Though Adderall covers a wide variety of symptoms, there is no guarantee that it can cure everything. It’s important to note that Adderall can produce side effects and the risks associated with its use should be managed by a health care professional. A person missuses Adderall if he/she manifests the following behavior:

1. Accepting Adderall from a friend without being prescribed on it.
2. Forgetting to take a dose.
3. Stopping Adderall too soon.
4. Taking a dose at the wrong time.
5. Taking Adderall for reasons other than what it is prescribed for.

Adderall Abuse

People who abuse Adderall usually do not have a prescription. Not only do they use Adderall in a way other than it is prescribed, but they also use it to experience the feelings associated with the drug. Performance enhancement is the main reason why people usually abuse Adderall. The abuse of Adderall frequently leads to unavoidable side effects, including dependency and addiction. These are some of the signs that indicate abuse:

1. Chronic or repeated Adderall abuse.
2. Developed tolerance to Adderall.
3. Exceeding a recommended dose.
4. Using Adderall to “get high”.
5. Using Adderall without a prescription.

Adderall Abuse Vs Misuse: What’s The Difference?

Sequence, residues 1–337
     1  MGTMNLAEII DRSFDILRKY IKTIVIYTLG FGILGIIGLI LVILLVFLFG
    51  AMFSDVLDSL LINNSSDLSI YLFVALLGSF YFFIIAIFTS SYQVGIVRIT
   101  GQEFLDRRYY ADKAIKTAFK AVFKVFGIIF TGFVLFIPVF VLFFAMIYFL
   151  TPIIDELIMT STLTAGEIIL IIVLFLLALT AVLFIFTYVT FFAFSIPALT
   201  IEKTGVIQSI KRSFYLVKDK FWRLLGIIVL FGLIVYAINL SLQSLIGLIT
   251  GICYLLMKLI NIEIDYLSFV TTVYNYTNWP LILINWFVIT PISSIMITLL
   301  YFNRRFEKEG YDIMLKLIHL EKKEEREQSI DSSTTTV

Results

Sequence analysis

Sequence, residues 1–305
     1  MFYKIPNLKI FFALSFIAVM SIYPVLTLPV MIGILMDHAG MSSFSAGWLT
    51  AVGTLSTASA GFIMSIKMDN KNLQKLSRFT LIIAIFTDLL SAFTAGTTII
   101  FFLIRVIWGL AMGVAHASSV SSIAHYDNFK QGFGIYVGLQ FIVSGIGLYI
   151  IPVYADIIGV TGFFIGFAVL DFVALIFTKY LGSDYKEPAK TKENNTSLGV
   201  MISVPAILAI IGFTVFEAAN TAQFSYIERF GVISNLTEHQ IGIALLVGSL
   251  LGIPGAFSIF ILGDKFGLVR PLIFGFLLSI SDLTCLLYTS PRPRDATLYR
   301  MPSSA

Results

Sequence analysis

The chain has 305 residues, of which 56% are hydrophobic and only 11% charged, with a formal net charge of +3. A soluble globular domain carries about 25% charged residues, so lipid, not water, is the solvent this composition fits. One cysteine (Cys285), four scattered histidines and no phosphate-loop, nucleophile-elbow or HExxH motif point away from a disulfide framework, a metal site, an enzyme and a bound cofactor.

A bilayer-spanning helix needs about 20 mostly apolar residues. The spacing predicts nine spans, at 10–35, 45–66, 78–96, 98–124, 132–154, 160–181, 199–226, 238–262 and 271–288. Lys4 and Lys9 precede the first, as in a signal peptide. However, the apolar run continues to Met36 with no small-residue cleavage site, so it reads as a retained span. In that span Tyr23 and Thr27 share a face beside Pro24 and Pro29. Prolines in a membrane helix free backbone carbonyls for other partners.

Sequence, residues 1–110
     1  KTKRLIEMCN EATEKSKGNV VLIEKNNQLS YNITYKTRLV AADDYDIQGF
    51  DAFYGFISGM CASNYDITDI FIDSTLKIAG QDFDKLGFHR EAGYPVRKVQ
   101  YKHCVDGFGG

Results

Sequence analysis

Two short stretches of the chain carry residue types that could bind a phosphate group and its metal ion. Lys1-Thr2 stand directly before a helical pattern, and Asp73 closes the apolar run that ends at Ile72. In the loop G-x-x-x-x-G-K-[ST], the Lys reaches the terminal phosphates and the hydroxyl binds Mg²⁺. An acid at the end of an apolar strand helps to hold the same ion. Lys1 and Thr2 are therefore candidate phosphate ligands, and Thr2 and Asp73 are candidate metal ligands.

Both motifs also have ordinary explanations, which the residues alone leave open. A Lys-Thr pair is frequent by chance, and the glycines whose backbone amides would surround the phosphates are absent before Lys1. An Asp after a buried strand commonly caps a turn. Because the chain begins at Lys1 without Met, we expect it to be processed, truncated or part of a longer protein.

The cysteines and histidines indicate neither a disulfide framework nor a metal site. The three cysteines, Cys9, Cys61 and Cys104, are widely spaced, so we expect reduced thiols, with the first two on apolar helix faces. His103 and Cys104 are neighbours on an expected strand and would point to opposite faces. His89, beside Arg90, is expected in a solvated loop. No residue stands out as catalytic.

According to the FDA, the key difference between drug abuse and drug misuse is the individual’s intentions when taking the drug. Both misuse and abuse of Adderall are harmful and dangerous. This is so because taking a medicine other than the way it is prescribed can lead to dangerous outcomes that the person may not be aware of.

It is important to recognize the difference, but also to be aware of the consequences of misuse and abuse. Though medical professionals may feel that the difference between these two terms is clarified, clarification by outlining the signs is needed. The definition that using any prescription drug outside of its intended use and dose is prohibited is not enough for people to understand the distinction between these two terms.

Those who misuse or abuse Adderall expose themselves to the risk of significant increases in blood pressure. The misuse of Adderall, even on a single occasion, that might feel as one time charm may lead you to seek out the drug more often. Drug abuse and drug dependence are the most common risks of misusing prescription drugs such as Adderall.

Adderall Use Questions

Adderall is a medication which should be used in accordance with your prescription. However your decision to use Adderall is a personal one. Keep in mind that any use of Adderall outside of the medical guide is considered high risk abuse and can result in a number of physical and psychological side effects that are potentially dangerous or may lead to Adderall addiction.

To close, we invite your questions or comments now. Please leave your questions about the use of Adderall in the section below. We do our best to respond to all legitimate comments personally and promptly.

Reference sources: FDA: ADDERALL
FDA: MEDICATION GUIDE

Adderall Use

45 Snorting Adderall

Snorting Adderall

May 8th, 2012